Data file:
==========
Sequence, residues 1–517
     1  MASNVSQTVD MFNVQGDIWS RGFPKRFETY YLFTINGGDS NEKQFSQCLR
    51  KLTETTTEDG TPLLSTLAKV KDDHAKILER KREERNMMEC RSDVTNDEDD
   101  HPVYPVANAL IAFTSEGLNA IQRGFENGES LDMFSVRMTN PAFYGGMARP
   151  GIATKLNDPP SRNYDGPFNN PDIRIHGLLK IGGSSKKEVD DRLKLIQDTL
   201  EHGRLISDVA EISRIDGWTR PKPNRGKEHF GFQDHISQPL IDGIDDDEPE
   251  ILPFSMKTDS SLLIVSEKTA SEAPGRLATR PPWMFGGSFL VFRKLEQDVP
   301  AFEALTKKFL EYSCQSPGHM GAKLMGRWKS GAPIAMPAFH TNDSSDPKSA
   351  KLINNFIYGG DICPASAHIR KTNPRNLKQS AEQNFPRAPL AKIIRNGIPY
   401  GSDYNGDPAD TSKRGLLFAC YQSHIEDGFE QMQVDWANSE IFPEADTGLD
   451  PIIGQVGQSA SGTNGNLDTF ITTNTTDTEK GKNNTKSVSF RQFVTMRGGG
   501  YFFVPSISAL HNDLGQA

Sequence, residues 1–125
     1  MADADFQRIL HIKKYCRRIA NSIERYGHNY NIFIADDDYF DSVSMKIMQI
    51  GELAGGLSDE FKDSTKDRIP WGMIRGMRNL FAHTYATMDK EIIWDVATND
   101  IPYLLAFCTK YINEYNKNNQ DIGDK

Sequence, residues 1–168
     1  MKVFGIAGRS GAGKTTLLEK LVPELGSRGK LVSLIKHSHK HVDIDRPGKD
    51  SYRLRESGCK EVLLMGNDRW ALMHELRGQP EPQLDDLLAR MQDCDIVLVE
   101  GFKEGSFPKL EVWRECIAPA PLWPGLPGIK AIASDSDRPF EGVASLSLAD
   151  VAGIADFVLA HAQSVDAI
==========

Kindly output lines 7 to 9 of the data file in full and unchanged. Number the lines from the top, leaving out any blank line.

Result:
   251  ILPFSMKTDS SLLIVSEKTA SEAPGRLATR PPWMFGGSFL VFRKLEQDVP
   301  AFEALTKKFL EYSCQSPGHM GAKLMGRWKS GAPIAMPAFH TNDSSDPKSA
   351  KLINNFIYGG DICPASAHIR KTNPRNLKQS AEQNFPRAPL AKIIRNGIPY